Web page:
In MySQL, JOIN, CROSS JOIN, and INNER JOIN are syntactic equivalents (they can replace each other). In standard SQL, they are not equivalent. INNER JOIN is used with an ON clause, CROSS JOIN is used otherwise.
SQL - INNER JOINS
The most frequently used and important of the joins is the INNER JOIN. They are also referred to as an EQUIJOIN.
The INNER JOIN creates a new result table by combining column values of two tables (table1 and table2) based upon the join-predicate.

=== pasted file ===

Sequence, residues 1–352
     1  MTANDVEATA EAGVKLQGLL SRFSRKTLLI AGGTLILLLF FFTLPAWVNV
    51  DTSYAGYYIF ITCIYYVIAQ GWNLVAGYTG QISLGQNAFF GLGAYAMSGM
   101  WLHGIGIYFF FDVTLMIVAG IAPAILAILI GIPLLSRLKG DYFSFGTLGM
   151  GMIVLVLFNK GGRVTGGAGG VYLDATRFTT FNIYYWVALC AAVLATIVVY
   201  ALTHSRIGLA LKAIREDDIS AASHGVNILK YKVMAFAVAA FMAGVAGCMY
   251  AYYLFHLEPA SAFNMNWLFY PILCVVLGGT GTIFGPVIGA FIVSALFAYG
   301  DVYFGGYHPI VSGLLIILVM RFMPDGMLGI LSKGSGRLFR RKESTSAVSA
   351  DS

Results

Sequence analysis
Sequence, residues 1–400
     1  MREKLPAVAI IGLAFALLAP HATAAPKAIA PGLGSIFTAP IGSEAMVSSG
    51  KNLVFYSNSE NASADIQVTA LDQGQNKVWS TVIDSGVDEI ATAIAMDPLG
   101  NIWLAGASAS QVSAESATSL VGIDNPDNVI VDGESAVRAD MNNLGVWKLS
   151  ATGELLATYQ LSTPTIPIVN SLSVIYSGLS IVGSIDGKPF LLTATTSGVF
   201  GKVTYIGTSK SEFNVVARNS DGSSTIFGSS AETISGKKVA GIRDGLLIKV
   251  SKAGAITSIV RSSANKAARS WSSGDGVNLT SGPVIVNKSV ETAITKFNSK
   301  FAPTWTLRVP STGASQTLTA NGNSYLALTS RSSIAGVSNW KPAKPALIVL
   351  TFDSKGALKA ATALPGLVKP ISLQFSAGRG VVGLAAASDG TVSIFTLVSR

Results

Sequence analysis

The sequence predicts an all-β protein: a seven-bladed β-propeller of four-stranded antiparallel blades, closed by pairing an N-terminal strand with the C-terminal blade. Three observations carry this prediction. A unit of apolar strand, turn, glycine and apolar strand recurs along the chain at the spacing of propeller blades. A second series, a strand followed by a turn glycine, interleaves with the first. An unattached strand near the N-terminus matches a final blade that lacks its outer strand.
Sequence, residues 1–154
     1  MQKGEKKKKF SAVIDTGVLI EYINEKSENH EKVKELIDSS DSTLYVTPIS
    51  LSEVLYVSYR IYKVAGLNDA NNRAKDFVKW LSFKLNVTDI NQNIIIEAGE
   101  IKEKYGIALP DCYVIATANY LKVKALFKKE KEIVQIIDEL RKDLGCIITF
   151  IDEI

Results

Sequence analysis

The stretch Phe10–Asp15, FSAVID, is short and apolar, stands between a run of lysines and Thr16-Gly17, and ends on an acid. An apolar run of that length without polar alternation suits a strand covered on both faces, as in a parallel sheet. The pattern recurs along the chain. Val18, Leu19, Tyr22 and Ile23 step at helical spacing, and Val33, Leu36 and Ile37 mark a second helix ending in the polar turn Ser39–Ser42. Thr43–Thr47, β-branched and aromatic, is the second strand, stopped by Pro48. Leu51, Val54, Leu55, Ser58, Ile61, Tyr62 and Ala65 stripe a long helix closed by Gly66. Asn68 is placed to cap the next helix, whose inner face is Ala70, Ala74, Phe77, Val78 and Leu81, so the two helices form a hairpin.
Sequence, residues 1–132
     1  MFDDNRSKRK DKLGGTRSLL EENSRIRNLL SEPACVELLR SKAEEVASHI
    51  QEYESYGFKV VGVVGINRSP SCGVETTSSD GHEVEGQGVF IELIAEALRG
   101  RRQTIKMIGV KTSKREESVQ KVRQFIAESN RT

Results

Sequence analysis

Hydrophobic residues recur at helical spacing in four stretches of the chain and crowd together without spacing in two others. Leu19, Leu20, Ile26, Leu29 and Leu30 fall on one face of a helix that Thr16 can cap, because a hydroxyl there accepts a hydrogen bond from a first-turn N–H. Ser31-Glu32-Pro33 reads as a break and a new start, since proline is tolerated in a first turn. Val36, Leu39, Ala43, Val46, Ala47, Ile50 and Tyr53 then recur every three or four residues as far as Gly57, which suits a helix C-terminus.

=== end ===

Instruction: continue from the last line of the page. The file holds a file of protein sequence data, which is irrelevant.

The query compares each row of table1 with each row of table2 to find all pairs of rows which satisfy the join-predicate.
When the join-predicate is satisfied, column values for each matched pair of rows of A and B are combined into a result row.
The basic syntax of INNER JOIN is as follows:
SELECT table1.column1, table2.column2...
INNER JOIN table2
ON table1.common_field = table2.common_field;